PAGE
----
Caladenia mesocera facts for kids
Quick facts for kidsNarrow-lipped dragon orchid
|Caladenia mesocera growing near Lake King|
Drakonorchis mesocera (Hopper & A.P.Br.) D.L.Jones & M.A.Clem.
Caladenia mesocera, commonly known as the narrow-lipped dragon orchid, is a species of orchid endemic to the south-west of Western Australia. It has a single erect, hairy leaf and usually only one greenish-yellow and red flower with a relatively long, insect-like labellum. Its distribution is further inland than that of most other caladenias.
Caladenia mesocera is a terrestrial, perennial, deciduous, herb with an underground tuber and a single erect, hairy leaf, 40–80 mm (2–3 in) long and 4–10 mm (0.2–0.4 in) wide. Usually only one greenish-yellow and red flower 30–40 mm (1–2 in) long and 20–30 mm (0.8–1 in) wide is borne on a stalk 80–250 mm (3–10 in) tall. The dorsal sepal is bent backwards, 20–30 mm (0.8–1 in) long and 2–3 mm (0.08–0.1 in) wide. The lateral sepals are 18–25 mm (0.7–1 in) long, 2.5–6 mm (0.1–0.2 in) wide and spread widely. The petals are 15–24 mm (0.6–0.9 in) long and about 2 mm (0.08 in) wide and downswept. The labellum is 10–15 mm (0.4–0.6 in) long and 3–7 mm (0.1–0.3 in) wide, insect-like and stiffly hinged. It is densely hairy, greenish-yellow and red with a "false head" 2–3 mm (0.08–0.1 in) across at its highest point and there is a horn-like gland 2 mm (0.08 in) long either side of the "head". Flowering occurs from August to early October.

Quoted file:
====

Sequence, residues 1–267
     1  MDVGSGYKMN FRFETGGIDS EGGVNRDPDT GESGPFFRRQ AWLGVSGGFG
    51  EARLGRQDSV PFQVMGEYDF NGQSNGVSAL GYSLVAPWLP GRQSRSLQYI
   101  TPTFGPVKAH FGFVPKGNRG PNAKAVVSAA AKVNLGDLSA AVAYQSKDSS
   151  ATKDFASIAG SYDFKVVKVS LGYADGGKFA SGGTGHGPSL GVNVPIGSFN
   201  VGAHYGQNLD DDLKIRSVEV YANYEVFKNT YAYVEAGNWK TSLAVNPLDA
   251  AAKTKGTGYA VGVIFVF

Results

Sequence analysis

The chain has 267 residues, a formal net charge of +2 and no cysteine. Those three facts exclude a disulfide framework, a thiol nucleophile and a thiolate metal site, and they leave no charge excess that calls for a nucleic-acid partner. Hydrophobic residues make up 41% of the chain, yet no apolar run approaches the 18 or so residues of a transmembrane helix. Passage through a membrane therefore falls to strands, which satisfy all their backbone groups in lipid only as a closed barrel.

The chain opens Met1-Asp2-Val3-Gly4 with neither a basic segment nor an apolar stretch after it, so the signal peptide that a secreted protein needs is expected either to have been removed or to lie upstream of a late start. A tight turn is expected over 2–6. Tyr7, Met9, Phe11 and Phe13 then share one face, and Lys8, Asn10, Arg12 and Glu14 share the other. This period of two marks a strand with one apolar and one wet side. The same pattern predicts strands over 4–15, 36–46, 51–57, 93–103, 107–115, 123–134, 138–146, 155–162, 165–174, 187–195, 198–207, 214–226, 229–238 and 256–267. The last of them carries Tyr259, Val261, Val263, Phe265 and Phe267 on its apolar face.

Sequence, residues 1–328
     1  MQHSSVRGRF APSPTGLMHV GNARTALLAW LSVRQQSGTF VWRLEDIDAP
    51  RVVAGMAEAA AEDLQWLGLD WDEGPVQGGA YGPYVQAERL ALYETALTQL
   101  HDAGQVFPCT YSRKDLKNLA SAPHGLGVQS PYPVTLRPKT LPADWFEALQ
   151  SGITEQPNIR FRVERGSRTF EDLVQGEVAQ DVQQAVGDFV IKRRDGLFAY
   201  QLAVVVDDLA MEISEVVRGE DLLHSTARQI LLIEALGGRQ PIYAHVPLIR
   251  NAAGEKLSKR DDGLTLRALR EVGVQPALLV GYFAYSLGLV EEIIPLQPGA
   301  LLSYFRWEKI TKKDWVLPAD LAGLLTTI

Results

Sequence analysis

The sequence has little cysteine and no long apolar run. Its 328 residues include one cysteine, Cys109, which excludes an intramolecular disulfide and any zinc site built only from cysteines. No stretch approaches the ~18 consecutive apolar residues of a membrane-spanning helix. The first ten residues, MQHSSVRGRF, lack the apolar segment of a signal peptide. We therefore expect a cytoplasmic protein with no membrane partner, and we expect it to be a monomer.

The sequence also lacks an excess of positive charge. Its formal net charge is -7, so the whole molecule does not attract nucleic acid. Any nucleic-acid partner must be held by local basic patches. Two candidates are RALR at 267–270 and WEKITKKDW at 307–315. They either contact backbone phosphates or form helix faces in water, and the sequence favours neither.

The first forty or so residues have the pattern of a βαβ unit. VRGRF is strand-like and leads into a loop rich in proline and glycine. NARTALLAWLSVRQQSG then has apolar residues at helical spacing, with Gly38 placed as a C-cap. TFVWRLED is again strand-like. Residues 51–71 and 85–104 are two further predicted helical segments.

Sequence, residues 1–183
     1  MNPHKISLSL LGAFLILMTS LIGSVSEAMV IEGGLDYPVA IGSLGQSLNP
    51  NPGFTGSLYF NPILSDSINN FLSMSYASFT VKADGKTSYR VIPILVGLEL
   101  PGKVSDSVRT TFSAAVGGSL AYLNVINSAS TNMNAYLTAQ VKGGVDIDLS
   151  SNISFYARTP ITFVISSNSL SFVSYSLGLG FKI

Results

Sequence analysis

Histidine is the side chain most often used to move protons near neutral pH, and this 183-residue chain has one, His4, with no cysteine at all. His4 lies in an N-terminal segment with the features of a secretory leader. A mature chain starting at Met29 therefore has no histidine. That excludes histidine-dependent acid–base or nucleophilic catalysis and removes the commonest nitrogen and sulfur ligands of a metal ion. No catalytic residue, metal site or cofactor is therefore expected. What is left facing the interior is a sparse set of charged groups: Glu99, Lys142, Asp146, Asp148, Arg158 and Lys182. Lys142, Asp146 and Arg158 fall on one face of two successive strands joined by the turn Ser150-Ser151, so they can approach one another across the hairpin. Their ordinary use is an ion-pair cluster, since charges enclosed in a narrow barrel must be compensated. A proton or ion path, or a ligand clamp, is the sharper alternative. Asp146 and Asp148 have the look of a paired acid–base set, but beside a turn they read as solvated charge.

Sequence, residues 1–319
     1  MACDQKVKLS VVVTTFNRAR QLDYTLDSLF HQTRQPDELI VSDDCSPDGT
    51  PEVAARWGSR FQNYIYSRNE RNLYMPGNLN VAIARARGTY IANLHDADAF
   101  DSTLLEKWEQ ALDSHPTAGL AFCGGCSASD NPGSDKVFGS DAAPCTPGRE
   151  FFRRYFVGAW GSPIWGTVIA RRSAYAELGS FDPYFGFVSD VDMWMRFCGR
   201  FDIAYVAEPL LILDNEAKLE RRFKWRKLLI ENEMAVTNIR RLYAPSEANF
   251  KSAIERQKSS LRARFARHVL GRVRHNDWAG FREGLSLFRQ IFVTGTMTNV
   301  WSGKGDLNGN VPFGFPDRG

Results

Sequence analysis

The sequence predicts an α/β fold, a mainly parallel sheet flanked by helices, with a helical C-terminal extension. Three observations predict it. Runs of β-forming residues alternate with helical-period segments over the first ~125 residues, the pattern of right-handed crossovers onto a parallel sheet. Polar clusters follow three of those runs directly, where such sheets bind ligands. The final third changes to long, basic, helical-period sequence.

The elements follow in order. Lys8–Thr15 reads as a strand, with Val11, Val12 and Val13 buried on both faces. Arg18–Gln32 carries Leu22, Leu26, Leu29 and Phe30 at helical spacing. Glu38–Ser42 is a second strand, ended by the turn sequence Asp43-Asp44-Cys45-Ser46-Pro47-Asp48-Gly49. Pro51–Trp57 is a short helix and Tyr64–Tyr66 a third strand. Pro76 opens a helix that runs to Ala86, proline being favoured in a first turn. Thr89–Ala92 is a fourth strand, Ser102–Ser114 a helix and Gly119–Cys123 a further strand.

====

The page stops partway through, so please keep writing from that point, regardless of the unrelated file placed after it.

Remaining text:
Taxonomy and naming
Caladenia mesocera was first described in 2001 by Stephen Hopper and Andrew Phillip Brown and the description was published in Nuytsia. The specific epithet (mesocera) is said to be derived from the Greek words meso meaning "middle" and ceras meaning "horn", referring to the position of the horn-like glands between the labellum claw and claw connection, a feature that readily distinguishes Caladenia mesocera from C. barbarossa. The proper word for "middle" in ancient Greek is mesos (μέσος).
Distribution and habitat
The narrow-lipped dragon orchid occurs between Bonnie Rock and Lake Moore east of Wubin, in the Avon Wheatbelt, Coolgardie, Geraldton Sandplains, Mallee and Yalgoo biogeographic regions where it grows near salt lakes and in other places that are moist in winter.
Caladenia mesocera is classified as "not threatened" by the Western Australian Government Department of Parks and Wildlife.
Caladenia mesocera Facts for Kids. Kiddle Encyclopedia.